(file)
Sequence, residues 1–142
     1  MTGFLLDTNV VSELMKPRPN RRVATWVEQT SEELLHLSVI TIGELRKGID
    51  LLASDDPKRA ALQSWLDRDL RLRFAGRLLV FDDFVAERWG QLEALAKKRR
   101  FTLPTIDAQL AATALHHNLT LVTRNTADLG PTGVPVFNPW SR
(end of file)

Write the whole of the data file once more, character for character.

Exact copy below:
Sequence, residues 1–142
     1  MTGFLLDTNV VSELMKPRPN RRVATWVEQT SEELLHLSVI TIGELRKGID
    51  LLASDDPKRA ALQSWLDRDL RLRFAGRLLV FDDFVAERWG QLEALAKKRR
   101  FTLPTIDAQL AATALHHNLT LVTRNTADLG PTGVPVFNPW SR